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It’s nice to imagine technology progressing to the point of giving the power of the same weaponry and retaliatory and protective force to every individual human at a substantially low cost. But that just isn’t the case now.

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Libertarians United for Individualism!

I believe Kurt Vonnegut would call that a granfalloon.

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In my experience in the testing grounds of NH, it’s seems to be worse in practice than involuntary collectivism that you would call the government here in the US. Or hell, even private corporate management structure Because usually nobody wants to take leadership, or they don’t feel compelled to help in any way. So things get done half-assed, or just never get done period. And in the real world that leaves room for the assholes to come in and do what they do.

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I see the point. seems like generally only people who are sociopaths want to lead. So they end up leading and turning right back into “government”.
But back to the point of drugs. What good can become of restrictions on drugs? The current state of things is proof that criminalization of drugs is not effective. And DWI/DUI laws probably only marginally deter the behavior if at all. But what they also do is: DUI–> pay a fine ultimately another DUI–> loose licenses (and job?), go to jail, become a better criminal and enter a worse lifestyle? I get that you don’t want people driving around blind drunk and stacking us with overdose costs but we already have that. Things have a way of working themselves a solution if left to nature and the free market. Who knows what might come about if we weren’t cock-blocked by regulation and laws.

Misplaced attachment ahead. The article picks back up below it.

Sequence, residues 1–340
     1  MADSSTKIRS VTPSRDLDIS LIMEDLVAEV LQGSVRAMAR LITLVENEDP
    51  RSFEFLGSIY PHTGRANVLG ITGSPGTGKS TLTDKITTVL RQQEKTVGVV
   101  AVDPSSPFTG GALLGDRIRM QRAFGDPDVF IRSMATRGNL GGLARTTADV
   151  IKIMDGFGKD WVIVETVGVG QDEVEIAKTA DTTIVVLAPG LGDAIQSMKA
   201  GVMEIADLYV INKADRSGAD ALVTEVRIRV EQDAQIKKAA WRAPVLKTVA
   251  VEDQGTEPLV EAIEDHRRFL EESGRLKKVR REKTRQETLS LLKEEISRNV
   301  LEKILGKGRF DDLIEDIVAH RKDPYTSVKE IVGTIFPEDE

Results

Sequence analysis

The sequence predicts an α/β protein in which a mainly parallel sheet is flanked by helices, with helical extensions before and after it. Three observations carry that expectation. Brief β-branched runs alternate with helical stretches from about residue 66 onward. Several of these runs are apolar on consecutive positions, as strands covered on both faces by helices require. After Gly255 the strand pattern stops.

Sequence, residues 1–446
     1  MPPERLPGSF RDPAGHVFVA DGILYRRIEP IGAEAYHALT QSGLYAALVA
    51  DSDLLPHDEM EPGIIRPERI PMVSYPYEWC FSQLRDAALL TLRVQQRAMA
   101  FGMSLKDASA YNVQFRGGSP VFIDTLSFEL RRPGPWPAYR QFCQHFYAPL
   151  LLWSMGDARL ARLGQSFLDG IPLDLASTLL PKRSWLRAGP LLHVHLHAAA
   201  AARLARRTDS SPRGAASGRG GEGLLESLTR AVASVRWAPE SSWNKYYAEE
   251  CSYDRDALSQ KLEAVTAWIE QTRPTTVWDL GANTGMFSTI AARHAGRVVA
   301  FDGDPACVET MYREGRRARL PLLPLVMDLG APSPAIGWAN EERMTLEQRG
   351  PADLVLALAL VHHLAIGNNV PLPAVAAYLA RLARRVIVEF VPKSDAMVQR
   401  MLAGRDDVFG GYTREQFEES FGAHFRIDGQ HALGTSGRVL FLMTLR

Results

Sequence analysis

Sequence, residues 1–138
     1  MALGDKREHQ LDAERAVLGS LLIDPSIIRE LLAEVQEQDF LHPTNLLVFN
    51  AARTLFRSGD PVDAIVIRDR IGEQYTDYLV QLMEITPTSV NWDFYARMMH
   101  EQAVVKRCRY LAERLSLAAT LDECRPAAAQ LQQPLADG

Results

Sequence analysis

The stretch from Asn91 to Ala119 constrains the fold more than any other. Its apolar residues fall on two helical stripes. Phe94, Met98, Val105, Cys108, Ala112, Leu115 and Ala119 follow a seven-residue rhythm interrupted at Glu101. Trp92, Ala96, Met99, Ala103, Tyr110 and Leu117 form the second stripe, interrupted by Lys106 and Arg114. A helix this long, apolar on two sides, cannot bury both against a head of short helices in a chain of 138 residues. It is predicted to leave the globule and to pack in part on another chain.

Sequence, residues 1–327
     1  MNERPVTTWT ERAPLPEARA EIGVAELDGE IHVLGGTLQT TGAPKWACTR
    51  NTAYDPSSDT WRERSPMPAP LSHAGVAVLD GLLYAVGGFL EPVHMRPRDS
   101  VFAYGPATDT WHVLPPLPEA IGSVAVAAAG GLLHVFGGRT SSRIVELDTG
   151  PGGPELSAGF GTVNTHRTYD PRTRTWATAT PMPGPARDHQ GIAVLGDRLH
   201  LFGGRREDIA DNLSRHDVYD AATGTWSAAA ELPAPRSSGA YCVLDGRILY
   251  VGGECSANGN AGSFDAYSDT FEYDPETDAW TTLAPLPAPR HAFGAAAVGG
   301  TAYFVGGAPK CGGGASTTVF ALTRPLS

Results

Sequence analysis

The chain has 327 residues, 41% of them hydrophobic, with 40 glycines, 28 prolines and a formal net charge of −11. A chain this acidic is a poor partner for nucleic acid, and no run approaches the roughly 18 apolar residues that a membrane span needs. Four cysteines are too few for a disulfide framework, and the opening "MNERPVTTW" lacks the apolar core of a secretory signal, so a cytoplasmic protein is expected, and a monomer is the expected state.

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What we have right now is technically a result of all of that. Most people ultimately decide to be controlled in such a fashion.

All many people want is an option to opt out of that controlled society and not pay for crap they don’t want or want to support.

I estimate that less than 5% of the population ultimately wants such a situation. That is not “many people”.

Really, I do want a solution to this human vs. anarchist problem. But every one so far proposed has been impractical.

Ok so let that peaceful 5% live a peaceful life free of aggression and theft by thenstsye? Say NH succeeded and took no help or money from the government, why not let those people who wish to, voluntarily move there and live free? What’s so impractical about that? Society would come up with a way to handle the challenges drugs present. And in the end if someone isn’t aggressing against others, let them do as they will. It’s no ones business if someone willingly destroys their life over a vice.

Isn’t it against the NAP for 95% of the NH population that wants the current government structure to be forced to live without one or move? This isn’t a practical solution.

No, forcing someone not to initiate force is not a NAP violation.

You’re tortiously interfering with their social contract.